Thursday, August 7, 2008

USCJ releases guidelines for ethical kosher certification

by Lorne Bell
The Jewish Advocate
August 7, 2008

Heksher tzedek addresses social and environmental issues

Three months after federal agents arrested nearly 400 undocumented workers at Agriprocessors, the nation’s largest kosher food producer, concerns about the kosher food industry remain. Last week, the Conservative movement responded by issuing guidelines for a new kosher certification, heksher tzedek.

“Current kosher standards have to do with a certain ritual technique for slaughter,” said Richard Lederman, project manager for the Heksher Tzedek Commission, a joint initiative of the United Synagogue of Conservative Judaism and the Rabbinical Assembly. “What we’re trying to do is take Jewish thought and laws on ethics and apply that to the production of kosher food.”

Heksher tzedek, Hebrew for “certified ethical,” was first conceived in 2006 by Rabbi Morris Allen of Beth Jacob Congregation in Minnesota. He argued that the corporatization of kosher food production has led to a range of ethical issues – labor exploitation, animal abuse and environmental contamination from the salting process – that the Jewish community must address.

“We cannot be more concerned about a cow’s lung than we are about people’s hands; we have to at least be equally concerned about both,” Allen said. “Heksher tzedek demonstrates that Judaism is not about ritual and ethics, but about the relationship between the two.”

Allen now serves as project director for the Heksher Tzedek Commission, which was formally endorsed by the USCJ and its rabbinical counterpart, the RA, in 2007. The commission’s guidelines focus on five categories of food production: employee wages and benefits; health, safety and training; environmental impact; product development, including animal welfare and product safety; and corporate transparency.

Allen said the new heksher will complement, not replace, existing certifications. Plans for a pilot program are currently underway in the Midwest.

For local kosher retailers and customers, the heksher tzedek would be a welcome sight on kosher products, according to Walter Gellerman, president of The Butcherie, a kosher grocer in Brookline.

“To me it sounds like giving the customer some additional information, which is always a good thing,” said Gellerman. “But if you went through our shelves you’d find dozens of certifications. Some will satisfy almost everyone and some will only satisfy a fraction of the community. We let our customers decide.”

But for those customers who have sworn off Agriprocessors’ products, the prospect of a heksher tzedek is a promising development. The Jewish Labor Committee and its supporters have been boycotting the Iowa plant since it was raided in May. Marya Axner, regional director of JLC New England, said the new guidelines could go a long way toward ensuring workers’ rights throughout the industry.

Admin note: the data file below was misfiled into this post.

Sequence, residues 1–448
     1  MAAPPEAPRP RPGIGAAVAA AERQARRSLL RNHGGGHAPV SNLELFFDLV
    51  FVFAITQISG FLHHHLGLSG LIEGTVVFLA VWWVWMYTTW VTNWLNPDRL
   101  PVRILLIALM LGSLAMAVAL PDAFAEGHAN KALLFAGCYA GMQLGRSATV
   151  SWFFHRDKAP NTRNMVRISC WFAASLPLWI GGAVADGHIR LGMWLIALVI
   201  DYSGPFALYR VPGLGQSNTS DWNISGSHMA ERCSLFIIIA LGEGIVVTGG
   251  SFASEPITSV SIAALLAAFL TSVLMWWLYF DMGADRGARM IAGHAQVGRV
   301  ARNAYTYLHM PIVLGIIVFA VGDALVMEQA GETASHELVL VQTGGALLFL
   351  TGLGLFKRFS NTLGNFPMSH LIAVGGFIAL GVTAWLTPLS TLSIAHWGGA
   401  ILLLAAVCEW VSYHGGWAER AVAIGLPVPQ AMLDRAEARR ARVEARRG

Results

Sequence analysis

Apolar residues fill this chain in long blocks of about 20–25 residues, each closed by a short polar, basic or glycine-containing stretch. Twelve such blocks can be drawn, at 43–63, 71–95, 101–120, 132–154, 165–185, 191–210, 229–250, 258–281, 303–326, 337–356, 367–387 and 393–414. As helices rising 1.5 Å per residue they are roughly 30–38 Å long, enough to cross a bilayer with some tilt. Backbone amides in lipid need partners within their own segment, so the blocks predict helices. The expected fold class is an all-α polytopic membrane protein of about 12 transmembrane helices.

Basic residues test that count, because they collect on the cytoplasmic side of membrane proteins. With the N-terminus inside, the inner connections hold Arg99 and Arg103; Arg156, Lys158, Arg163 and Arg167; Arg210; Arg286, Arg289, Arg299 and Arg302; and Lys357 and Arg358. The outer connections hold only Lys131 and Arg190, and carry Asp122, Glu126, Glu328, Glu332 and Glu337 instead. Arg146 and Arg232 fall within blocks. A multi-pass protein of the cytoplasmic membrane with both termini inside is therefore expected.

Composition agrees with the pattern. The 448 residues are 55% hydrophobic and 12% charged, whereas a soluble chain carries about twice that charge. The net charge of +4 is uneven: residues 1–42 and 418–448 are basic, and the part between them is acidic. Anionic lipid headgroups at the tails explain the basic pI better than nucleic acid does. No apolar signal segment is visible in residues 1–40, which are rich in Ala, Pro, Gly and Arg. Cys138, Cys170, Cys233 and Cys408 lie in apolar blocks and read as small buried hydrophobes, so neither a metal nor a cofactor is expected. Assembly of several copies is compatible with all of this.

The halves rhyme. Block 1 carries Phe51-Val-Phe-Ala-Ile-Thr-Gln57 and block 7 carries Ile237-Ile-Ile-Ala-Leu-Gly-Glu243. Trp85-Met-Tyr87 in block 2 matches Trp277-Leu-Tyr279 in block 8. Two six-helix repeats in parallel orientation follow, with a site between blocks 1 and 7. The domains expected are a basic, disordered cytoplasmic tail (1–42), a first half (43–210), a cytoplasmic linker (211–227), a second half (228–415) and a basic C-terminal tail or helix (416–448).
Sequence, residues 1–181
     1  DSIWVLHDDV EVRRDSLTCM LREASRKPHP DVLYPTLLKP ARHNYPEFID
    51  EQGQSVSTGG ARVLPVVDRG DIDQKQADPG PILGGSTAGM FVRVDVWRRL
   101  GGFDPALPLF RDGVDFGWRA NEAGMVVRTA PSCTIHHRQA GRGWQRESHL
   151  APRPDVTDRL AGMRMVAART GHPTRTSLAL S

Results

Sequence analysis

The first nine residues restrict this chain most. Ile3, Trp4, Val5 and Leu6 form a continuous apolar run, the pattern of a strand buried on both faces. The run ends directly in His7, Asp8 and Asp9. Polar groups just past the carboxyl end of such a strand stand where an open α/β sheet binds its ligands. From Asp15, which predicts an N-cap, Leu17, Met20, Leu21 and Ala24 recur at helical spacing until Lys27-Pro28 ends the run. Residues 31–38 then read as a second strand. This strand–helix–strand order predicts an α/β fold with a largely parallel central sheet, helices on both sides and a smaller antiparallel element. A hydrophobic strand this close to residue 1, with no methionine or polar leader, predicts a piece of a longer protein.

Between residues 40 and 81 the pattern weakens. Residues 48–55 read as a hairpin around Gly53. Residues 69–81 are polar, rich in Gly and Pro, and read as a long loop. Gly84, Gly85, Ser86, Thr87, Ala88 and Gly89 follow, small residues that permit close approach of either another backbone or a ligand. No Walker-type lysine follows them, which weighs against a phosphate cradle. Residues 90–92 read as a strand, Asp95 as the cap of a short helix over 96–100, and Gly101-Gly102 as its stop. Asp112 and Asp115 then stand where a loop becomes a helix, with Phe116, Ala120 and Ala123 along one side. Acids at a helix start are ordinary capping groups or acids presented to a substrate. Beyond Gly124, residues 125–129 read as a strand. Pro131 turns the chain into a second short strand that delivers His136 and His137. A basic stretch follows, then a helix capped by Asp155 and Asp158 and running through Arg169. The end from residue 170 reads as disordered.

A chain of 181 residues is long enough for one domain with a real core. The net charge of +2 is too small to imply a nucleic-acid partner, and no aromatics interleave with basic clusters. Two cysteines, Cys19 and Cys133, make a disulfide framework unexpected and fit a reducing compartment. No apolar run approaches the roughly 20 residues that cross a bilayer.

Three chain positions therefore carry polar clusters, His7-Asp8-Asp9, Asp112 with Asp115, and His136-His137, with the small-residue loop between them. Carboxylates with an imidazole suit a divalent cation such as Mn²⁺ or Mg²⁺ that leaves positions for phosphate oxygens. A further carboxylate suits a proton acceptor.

“It’s such a hopeful sign that the Conservative movement is taking leadership on this issue and giving new meaning to what it takes and what it means to keep kosher,” she said. “The JLC and many parts of the Jewish community will be happy and relieved to have this kind of leadership and to get behind it.”

Still, not everyone is eager to sign on to a proposal for ethical oversights of kosher food production. Menachem Lubinsky, marketing consultant for Agriprocessors, said the company will not seek the heksher tzedek and will continue to abide by the Orthodox Union’s established standards of kashrut.

“Agriprocessors is going to have to take its cue from its rabbinical authority, and as far as I know, the OU and its rabbis have opposed heksher tzedek,” he said.
Lubinsky noted that the Iowa plant has gone to great lengths to resolve food safety violations and allegations of animal and worker mistreatment by working directly with the USDA and OSHA.

The OU, one of the Jewish community’s most recognized authorities on kosher food certification, has adopted a similar stance.

“We believe, together with the Heksher Tzedek Commission, that issues of social justice, workers’ rights and the environment are important and many have a Biblical basis,” said Rabbi Menachem Genack, rabbinic administrator of the OU’s kashrut division. “But in terms of actually implementing [guidelines], those are things that should be handled, and are, by federal agencies that have the authority and means to do so.”

Genack said the heksher tzedek’s guidelines are “amorphous” and would be difficult to apply across the industry, although he did not rule out the possibility of including the new mark alongside the OU’s own heksher.

“The OU has a policy that we don’t generally permit two different supervisions on the same label, but in this context we might,” he said.

Allen is hopeful that the OU, as well as other kosher authorities and facilities will soon embrace the heksher tzedek as a reflection of the Jewish community’s values.

“We’ve come a long way in two years and I’m amazed at how we have been able to elevate the discourse on kashrut,” said Allen. “My belief is that by Rosh Hashanah next year we will be sitting down at the table celebrating the New Year with food that represents the best of Judaism, having been produced in both ritually and ethically appropriate ways.”